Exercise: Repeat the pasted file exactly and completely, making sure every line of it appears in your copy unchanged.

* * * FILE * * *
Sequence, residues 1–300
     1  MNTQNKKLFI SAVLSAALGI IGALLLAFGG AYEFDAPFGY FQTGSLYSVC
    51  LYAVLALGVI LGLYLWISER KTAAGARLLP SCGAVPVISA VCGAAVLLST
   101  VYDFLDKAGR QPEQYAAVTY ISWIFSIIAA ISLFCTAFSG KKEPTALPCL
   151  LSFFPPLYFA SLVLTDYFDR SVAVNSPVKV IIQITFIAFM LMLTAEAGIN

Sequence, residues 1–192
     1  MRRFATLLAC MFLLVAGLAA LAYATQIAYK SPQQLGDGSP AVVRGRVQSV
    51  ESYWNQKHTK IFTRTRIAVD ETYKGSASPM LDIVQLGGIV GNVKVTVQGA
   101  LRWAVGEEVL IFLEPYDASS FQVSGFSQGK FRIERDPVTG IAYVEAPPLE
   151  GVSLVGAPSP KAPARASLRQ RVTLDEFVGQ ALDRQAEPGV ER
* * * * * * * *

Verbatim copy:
Sequence, residues 1–300
     1  MNTQNKKLFI SAVLSAALGI IGALLLAFGG AYEFDAPFGY FQTGSLYSVC
    51  LYAVLALGVI LGLYLWISER KTAAGARLLP SCGAVPVISA VCGAAVLLST
   101  VYDFLDKAGR QPEQYAAVTY ISWIFSIIAA ISLFCTAFSG KKEPTALPCL
   151  LSFFPPLYFA SLVLTDYFDR SVAVNSPVKV IIQITFIAFM LMLTAEAGIN

Sequence, residues 1–192
     1  MRRFATLLAC MFLLVAGLAA LAYATQIAYK SPQQLGDGSP AVVRGRVQSV
    51  ESYWNQKHTK IFTRTRIAVD ETYKGSASPM LDIVQLGGIV GNVKVTVQGA
   101  LRWAVGEEVL IFLEPYDASS FQVSGFSQGK FRIERDPVTG IAYVEAPPLE
   151  GVSLVGAPSP KAPARASLRQ RVTLDEFVGQ ALDRQAEPGV ER